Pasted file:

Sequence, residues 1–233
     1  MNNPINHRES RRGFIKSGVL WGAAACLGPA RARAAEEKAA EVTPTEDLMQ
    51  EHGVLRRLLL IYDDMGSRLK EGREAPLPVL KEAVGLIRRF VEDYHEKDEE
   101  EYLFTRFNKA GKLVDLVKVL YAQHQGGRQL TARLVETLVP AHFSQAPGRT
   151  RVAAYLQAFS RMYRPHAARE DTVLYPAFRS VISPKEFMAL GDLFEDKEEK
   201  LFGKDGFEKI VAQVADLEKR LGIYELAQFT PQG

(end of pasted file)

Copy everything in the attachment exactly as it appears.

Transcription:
Sequence, residues 1–233
     1  MNNPINHRES RRGFIKSGVL WGAAACLGPA RARAAEEKAA EVTPTEDLMQ
    51  EHGVLRRLLL IYDDMGSRLK EGREAPLPVL KEAVGLIRRF VEDYHEKDEE
   101  EYLFTRFNKA GKLVDLVKVL YAQHQGGRQL TARLVETLVP AHFSQAPGRT
   151  RVAAYLQAFS RMYRPHAARE DTVLYPAFRS VISPKEFMAL GDLFEDKEEK
   201  LFGKDGFEKI VAQVADLEKR LGIYELAQFT PQG